The Senate Natural Resources Committee on Tuesday approved a bill to give the Santa Monica Mountains Conservancy, now scheduled to go out of business in July, 1990, a new lease on life.
The measure, by Sen. Herschel Rosenthal (D-Los Angeles), would extend the life of the agency to Dec. 31, 1995. Without discussion, the committee approved the bill on a 9-0 vote and sent it to the Appropriations Committee.
Rosenthal said he was “a little surprised” that the bill sailed through the committee without opposition because critics in past years have questioned the need for the conservancy. He suggested that the conservancy is now accepted by lawmakers as a “motherhood” issue, one that is difficult to oppose.
“I think that the environment and open space concepts have taken on greater importance in people’s minds,” Rosenthal said.
Supporters saw the unopposed vote as a hopeful sign for eventual passage of the bill.
Since the conservancy was established in 1979, it has purchased or helped pay for the acquisition of about 10,000 acres of open space and parkland at a cost of about $38 million, according to Joseph T. Edmiston, its executive director.
When the conservancy was created, backers overcame objections that there were already sufficient state and local agencies to handle purchases of private property in the mountains.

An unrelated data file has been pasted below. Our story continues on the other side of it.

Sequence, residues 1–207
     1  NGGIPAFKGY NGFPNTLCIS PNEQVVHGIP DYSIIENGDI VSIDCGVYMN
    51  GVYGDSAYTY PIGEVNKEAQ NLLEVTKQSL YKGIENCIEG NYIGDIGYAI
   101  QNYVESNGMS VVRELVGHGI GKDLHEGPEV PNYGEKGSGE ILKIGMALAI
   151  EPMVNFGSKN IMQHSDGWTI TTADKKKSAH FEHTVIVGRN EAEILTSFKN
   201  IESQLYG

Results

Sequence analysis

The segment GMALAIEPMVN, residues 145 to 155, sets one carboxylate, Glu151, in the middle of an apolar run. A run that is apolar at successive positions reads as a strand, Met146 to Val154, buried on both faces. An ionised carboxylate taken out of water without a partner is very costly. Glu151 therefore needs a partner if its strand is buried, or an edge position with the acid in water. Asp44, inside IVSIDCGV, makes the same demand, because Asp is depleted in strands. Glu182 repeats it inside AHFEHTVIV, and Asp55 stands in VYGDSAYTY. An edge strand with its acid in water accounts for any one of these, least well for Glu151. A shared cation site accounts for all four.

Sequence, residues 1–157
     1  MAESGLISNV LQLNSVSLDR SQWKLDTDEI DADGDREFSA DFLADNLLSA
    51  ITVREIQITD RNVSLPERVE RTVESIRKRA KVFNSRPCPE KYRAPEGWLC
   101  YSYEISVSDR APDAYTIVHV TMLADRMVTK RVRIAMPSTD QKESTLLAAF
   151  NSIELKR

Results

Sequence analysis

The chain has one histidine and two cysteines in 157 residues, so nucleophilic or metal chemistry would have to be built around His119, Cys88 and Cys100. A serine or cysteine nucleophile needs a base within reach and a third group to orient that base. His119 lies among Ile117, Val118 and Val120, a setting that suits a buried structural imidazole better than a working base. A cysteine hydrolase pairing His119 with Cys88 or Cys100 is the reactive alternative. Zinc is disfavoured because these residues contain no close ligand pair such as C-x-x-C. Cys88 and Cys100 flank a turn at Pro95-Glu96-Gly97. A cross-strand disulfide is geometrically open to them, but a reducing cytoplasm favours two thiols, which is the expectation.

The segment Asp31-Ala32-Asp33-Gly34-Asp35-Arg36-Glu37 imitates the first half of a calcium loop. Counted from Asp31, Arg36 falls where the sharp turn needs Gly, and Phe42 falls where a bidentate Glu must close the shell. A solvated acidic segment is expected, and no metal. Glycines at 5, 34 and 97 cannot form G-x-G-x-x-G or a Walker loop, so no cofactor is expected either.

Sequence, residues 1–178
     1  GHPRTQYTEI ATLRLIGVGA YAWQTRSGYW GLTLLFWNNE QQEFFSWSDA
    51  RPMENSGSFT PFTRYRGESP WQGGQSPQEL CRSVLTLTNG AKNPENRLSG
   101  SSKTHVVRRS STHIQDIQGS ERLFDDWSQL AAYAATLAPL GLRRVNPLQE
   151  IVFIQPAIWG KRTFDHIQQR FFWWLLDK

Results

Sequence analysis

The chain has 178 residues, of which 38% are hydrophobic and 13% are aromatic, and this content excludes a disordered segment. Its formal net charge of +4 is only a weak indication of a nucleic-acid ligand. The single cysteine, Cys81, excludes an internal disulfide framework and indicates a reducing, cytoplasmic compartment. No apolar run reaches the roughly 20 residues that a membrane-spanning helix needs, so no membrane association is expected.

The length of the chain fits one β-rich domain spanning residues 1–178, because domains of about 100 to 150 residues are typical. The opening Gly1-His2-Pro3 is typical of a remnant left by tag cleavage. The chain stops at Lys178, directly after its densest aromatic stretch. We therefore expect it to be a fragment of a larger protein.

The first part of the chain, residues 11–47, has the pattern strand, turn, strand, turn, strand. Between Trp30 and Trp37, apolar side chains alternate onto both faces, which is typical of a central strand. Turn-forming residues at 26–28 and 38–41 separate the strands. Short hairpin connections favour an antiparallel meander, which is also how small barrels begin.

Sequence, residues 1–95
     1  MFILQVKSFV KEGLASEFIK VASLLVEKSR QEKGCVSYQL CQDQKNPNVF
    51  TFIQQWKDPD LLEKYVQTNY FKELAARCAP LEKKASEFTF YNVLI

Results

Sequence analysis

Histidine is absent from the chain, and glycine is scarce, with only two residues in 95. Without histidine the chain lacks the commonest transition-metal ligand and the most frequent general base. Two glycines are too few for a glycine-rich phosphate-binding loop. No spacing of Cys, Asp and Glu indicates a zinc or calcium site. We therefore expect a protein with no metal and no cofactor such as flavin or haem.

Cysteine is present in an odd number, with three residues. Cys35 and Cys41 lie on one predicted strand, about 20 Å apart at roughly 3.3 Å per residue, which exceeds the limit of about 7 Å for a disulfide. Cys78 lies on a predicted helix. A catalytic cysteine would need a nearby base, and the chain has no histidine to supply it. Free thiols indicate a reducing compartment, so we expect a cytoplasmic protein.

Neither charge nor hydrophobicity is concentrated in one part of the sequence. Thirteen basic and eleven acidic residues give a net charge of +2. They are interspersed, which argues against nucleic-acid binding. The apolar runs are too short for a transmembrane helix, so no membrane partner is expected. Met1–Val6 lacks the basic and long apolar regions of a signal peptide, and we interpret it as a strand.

In 1981, the Legislature extended the conservancy’s life to July, 1986, but as that date approached, prospects for further extension were uncertain because Gov. George Deukmejian was not a strong supporter of the agency. In 1985, for example, Deukmejian dealt it a setback by vetoing $6 million in the budget for the conservancy to buy additional land. Later that year, however, Deukmejian signed legislation extending the conservancy to 1990.
The conservancy has increasingly attracted bipartisan support, with Republicans now carrying bills for an agency that was established with heavy Democratic backing. Moreover, last year voters approved Proposition 70, a park and wildlife bond issue that set aside $30 million of its $776 million total for the conservancy.
Edmiston described Proposition 70 as a watershed for the conservancy, partly because it assured continued funding for land acquisition into the next decade.